Let’s not forget that theater plays critical of Christians and Israel also get canceled. Earlier this year:
    “A New York theatre company has put off plans to stage a play about an American activist killed by an Israeli bulldozer in Gaza because of the current “political climate” – a decision the play’s British director, Alan Rickman, denounced as “censorship”.” Article here.

    I am not a fan of Rachel Corrie. Not at all. However, if one criticizes the canellation of the Mozart opera for fear of offending Muslimes, then one should also criticize the canceling of that play for fear of offending supporters of Israel..

    “On May 23, 1998, the New York Times announced that the Manhattan Theatre Club would be canceling its scheduled production of playwright Terrence McNally’s newest play, Corpus Christi, due to bomb and death threats made against the theatre, its personnel, and the playwright. The Catholic League for Religious and Civil Rights disavowed responsibility for the threats but did publicly applaud the decision, calling the play “blasphemous.”” Article here.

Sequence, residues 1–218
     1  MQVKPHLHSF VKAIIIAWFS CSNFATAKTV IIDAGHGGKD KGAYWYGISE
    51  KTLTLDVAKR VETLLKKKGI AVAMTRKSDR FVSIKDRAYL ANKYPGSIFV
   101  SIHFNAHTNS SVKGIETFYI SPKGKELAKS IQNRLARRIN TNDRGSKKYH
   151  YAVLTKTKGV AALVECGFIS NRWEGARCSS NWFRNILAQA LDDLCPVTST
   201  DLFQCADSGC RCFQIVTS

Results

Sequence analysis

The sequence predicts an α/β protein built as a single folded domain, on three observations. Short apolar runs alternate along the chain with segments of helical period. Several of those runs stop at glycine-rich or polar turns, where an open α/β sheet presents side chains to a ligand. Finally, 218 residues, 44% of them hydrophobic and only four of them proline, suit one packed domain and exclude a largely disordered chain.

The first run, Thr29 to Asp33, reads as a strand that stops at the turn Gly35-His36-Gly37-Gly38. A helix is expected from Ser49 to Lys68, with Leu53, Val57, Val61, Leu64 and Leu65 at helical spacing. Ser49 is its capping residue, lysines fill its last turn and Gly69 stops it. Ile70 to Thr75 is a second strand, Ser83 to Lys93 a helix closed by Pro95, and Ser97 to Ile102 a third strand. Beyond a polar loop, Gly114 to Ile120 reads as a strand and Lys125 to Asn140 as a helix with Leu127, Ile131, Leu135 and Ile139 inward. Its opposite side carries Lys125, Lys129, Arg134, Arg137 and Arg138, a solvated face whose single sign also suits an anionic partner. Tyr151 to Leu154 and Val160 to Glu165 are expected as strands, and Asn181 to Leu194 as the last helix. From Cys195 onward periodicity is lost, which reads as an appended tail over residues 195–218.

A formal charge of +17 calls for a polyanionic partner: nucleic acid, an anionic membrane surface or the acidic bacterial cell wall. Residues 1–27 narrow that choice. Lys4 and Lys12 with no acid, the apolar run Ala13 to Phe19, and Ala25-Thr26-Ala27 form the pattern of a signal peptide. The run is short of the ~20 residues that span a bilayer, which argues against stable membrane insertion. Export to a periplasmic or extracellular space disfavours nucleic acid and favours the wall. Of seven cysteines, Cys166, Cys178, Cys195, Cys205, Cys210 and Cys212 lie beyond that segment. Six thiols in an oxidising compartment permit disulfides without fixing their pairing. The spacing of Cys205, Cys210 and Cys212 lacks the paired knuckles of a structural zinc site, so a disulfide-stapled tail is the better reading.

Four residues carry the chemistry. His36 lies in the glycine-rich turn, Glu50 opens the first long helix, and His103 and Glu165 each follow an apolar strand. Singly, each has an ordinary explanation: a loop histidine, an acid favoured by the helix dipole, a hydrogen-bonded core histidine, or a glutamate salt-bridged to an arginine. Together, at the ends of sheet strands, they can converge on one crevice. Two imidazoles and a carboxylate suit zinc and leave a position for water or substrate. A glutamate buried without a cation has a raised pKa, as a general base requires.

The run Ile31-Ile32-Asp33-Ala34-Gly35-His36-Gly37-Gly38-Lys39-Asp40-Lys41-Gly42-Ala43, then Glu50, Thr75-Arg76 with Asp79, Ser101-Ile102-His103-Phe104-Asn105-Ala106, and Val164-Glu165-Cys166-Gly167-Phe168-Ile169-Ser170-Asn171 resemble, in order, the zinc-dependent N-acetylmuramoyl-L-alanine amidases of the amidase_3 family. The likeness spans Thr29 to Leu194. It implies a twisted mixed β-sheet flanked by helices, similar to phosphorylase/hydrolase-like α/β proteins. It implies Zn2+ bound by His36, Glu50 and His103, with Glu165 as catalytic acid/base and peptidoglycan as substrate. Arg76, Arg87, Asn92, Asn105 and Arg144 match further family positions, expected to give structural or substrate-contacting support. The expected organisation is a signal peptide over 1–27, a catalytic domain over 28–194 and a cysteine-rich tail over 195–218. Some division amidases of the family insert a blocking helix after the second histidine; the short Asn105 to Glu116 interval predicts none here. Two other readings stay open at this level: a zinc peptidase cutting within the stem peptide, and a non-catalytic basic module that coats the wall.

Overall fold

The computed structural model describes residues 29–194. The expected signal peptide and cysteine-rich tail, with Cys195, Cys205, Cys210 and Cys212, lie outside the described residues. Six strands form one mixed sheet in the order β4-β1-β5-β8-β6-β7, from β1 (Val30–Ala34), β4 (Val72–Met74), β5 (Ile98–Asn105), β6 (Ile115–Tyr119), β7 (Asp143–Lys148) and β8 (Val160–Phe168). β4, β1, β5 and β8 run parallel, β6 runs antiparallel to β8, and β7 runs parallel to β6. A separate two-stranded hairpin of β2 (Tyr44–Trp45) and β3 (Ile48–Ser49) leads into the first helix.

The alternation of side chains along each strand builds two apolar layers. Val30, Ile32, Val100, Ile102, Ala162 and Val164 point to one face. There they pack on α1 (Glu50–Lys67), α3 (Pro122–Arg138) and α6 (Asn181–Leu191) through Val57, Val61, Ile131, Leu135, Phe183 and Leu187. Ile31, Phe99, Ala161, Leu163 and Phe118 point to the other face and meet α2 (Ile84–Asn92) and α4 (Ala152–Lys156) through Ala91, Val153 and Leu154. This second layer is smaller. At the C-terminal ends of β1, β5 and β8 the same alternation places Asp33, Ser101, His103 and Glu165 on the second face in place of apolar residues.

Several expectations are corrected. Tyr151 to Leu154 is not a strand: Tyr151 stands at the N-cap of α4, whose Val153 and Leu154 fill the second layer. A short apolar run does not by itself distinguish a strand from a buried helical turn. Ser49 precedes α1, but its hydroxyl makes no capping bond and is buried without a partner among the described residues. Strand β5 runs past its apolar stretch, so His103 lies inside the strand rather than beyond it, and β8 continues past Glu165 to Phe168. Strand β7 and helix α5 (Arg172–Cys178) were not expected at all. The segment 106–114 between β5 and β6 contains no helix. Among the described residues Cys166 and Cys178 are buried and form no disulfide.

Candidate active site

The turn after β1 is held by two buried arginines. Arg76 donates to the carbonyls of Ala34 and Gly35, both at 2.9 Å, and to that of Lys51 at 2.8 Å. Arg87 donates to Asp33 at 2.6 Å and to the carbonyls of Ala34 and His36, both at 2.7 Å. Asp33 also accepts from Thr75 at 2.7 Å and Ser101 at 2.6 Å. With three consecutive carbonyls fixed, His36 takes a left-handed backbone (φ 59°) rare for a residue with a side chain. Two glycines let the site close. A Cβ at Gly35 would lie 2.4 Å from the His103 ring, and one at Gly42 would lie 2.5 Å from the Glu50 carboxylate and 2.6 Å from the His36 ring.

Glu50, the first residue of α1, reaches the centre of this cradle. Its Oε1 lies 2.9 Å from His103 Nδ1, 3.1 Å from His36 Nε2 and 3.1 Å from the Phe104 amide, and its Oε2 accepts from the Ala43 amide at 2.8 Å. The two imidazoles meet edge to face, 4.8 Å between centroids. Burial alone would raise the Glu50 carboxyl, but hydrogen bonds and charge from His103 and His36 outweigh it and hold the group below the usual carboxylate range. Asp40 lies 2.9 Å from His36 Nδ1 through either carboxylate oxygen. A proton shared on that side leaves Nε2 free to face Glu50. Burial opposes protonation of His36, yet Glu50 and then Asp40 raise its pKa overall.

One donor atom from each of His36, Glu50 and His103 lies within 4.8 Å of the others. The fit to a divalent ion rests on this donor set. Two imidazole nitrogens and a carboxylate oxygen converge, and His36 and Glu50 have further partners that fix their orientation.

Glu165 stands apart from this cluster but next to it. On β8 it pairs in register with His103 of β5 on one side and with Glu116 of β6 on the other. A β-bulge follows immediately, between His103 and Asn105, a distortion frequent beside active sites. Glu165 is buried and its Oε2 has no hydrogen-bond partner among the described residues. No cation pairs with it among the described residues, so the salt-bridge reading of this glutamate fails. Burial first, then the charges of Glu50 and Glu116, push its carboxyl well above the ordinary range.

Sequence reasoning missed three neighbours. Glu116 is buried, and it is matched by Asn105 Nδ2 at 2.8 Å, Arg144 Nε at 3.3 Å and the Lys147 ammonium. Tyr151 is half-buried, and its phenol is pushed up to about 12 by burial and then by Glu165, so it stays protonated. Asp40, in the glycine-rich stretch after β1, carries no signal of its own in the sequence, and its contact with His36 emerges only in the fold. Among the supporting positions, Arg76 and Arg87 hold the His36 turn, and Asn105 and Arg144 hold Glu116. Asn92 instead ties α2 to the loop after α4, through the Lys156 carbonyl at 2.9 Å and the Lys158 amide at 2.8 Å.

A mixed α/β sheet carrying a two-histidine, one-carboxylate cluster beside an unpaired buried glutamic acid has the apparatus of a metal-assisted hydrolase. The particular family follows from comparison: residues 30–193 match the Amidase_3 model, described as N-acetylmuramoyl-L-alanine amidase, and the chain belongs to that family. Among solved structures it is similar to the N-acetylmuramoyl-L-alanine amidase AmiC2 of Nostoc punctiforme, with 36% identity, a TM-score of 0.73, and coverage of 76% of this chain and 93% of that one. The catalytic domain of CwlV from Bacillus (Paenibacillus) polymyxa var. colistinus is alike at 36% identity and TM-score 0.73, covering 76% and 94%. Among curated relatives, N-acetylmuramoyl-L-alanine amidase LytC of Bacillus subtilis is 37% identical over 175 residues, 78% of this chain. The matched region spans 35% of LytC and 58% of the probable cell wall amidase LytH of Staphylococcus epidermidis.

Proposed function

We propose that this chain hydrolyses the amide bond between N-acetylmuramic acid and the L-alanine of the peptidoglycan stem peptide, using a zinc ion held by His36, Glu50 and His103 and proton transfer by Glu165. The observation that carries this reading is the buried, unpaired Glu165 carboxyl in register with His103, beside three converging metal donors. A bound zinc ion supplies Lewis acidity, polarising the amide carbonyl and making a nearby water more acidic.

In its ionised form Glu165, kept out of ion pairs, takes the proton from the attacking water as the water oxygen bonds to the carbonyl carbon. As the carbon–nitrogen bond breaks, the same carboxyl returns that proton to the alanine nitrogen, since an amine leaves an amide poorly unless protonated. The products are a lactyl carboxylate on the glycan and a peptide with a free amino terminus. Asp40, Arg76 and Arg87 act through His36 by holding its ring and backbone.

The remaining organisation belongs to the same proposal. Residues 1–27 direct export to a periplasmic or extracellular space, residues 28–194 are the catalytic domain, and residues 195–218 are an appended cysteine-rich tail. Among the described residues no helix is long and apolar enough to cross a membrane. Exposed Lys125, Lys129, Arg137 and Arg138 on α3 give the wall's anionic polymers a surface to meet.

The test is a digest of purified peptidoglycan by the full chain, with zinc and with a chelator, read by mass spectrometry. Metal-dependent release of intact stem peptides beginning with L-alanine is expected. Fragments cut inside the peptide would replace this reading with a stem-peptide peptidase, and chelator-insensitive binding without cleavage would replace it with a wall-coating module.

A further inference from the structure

When Corpus Christi was shown in Germany in 2000, there have been death threats and bomb threats as well: Article here.

    Thus it could very well be that the threats against the “Idomeneo” opera are not only coming from Muslims, but from Christians, who don’t like to see the severed head of Jesus… Having said that: The concern about attacks from Muslims is bigger.

    Greetings from Berlin,
    My blog: The Atlantic Review, A press digest on transatlantic affairs edited by three German Fulbright Alumni

  2. “Thus it could very well be that the threats against the “Idomeneo” opera are not only coming from Muslims, but from Christians, who don’t like to see the severed head of Jesus…”

    Interesting post Josh (when I have more time I will speak to what I think is a fundamental inconstancy). At this time, I just want to point out the simple fact that it is very, very unlikely Christian “terrorists” are threatening the opera and it’s staff. IF you have any evidence of Christian “terrorists”, please let me in on it. This seems like a bit of a stretch (to understate it) that Christian terrorism has any part to play in this decision…